Music Online. Under the Radar
“Saucy walked the walk and talked the talk over seven decades. She had a fan club with mostly female members around the globe who wore a button – ‘I Walk For Sauce’”.
(1920 – 2017)
Welcome to our weekly Sunday music section
“Notable Canadian Jewish Musicians.”
By David Eisenstadt
TORONTO. September 18, 2022 – Her stage name was “Saucy Sylvia”, and her career spanned 70 years.
Sylvia Cadesky was born in Owen Sound, Ontario, on July 27, 1920. Somewhere along the line, she changed her surname to Cadeski, which was the norm for so many Jewish (and other) performers back in the day.
Sylvia was a classically trained pianist, singer, and radio personality who also made her name and fortune as a comedienne in the United States. She certainly flew under the radar.
Her father Samuel and mother Tillye were Russian immigrants, descendants of one of Owen Sound’s Jewish community founding families dating to 1905. Samuel was one of 12 children born to Isaac Ezekiel Cadesky (and his wife), for whom the then Town’s synagogue, Beth Ezekiel, was named.
Young Sylvia grew up in nearby Mount Forest (about an hour’s drive south of Owen Sound), and started playing piano at six, learning from the nuns at the Sisters of St. Joseph Academy. Apparently, there were no Jewish piano teachers and it appears that in her adult years, she was not a practicing Jew. In high school she played in a country and western band, eventually moving to Toronto and graduating from the Royal Conservatory of Music. Sylvia Cadesky graduated from the University of Toronto with a master’s degree in languages and a teaching degree and during that time, hosted her own radio show on CFRB-AM (now Newstalk 1010).
Saucy Sylvia Radio Show May 1978
But the bright promises of a show business career beckoned. She moved to the United States where she caught the eyes (and ears) of jazz drummer/bandleader Barney Rapp (and His New Englanders) who hired her as a vocalist. She also got a singing gig and her own “Sylvia Show” at Cincinnati, Ohio radio station WLW (known as the “Nation’s Clear Channel”) because it could be heard coast-to-coast. That was where the Clooney sisters, Rosemary and Betty, as well as Doris Day also sang.
As host of the “Sylvia Show”, she interviewed well-known talented performers like Duke Ellington and Ella Fitzgerald. Sylvia loved singing and was good at it, adding some comedy to her repertoire, all happening during a five-year run at a Cincinnati night spot. She moved to Arizona where a promoter dubbed her “Saucy Sylvia” and pressed/released two albums – Sex Is The Thing That Started It All and 0069. Over the years, she also worked at radio stations in Detroit, Michigan W.J.R. and WINS in New York.
Saucy walked the walk and talked the talk over seven decades. She had a fan club with mostly female members around the globe who wore a button – “I Walk For Sauce”.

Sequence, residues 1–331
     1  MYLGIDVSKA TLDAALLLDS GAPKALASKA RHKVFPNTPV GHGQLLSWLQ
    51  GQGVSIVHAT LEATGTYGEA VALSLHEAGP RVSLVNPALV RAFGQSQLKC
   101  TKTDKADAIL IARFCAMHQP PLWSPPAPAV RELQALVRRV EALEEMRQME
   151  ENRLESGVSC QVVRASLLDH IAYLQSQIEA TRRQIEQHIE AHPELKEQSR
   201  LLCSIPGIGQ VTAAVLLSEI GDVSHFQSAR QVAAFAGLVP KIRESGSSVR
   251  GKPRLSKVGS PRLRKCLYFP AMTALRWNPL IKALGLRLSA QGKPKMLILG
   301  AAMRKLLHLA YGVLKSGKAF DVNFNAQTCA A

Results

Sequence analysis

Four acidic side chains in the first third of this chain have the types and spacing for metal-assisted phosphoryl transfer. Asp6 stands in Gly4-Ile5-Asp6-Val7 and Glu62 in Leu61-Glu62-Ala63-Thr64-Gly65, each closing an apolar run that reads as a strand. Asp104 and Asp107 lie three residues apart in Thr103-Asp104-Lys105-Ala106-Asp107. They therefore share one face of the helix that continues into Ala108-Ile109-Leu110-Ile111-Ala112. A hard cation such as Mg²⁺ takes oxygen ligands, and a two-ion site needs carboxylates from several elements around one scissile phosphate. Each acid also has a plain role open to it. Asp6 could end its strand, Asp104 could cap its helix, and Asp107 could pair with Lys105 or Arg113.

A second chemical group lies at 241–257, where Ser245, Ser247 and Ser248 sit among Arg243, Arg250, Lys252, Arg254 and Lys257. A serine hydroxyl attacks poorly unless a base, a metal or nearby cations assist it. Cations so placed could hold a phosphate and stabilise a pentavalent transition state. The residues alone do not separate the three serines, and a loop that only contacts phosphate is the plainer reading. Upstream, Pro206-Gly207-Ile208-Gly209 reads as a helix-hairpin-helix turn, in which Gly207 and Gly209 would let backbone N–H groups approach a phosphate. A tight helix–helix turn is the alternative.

Part of her performing shtick was asking audience members their names and from where they resided. She’d then include each person’s name in songs and comedy which hit a positive note with fans of all ages. She was an ardent American as a naturalized citizen.
Work was a labour of love for this dynamo. In 1970, Sylvia moved to Newport, Rhode Island where she became something of an icon. While entertaining locally, she also hosted for 26 years, one of the last live music radio shows on WADK. Her second husband Mike Mureddu wrote, produced, and directed her weekly efforts, sometimes appearing as a guest.
Very active in the community, Sylvia became President of the Newport Rhoda Island Federation of Musicians, a position she held for about 20 years. Along with Ella Fitzgerald and George Wein, she was inducted into the Newport Jazz Hall of Fame in 2002. Saucy won many awards from the City of Newport and the Rhode Island Radio Hall of Fame in 2014. Her shows always included patriotic songs and it was reported that she enjoyed having her audiences join in to sing “God Bless America” with her. “I treasure the United States and have always felt that this country did everything right and helped other people and other countries. A lot of people don’t agree with that. When we can help people, we do, she said.”
Saucy Sylvia Cadesky-Cadeski Stoun Mureddu died at age 96 on May 25, 2017, and was married twice; first to the late Meyer J. Stoun and then to the late Michael L. Mureddu.♦
Credits: Photo Maurice Seymour, Chicago; jetpakpro/YouTube.
David Eisenstadt is the author of Under the Radar, 30 Notable Canadian Jewish Musicians. He is Founding Partner of tcgpr.com and a graduate of Carleton University’s School of Journalism and the University of Calgary.
A complete list of David Eisenstadt’s articles can be viewed under Music Online in our category section. Do you have comments or questions about this article? Contact David Eisenstadt at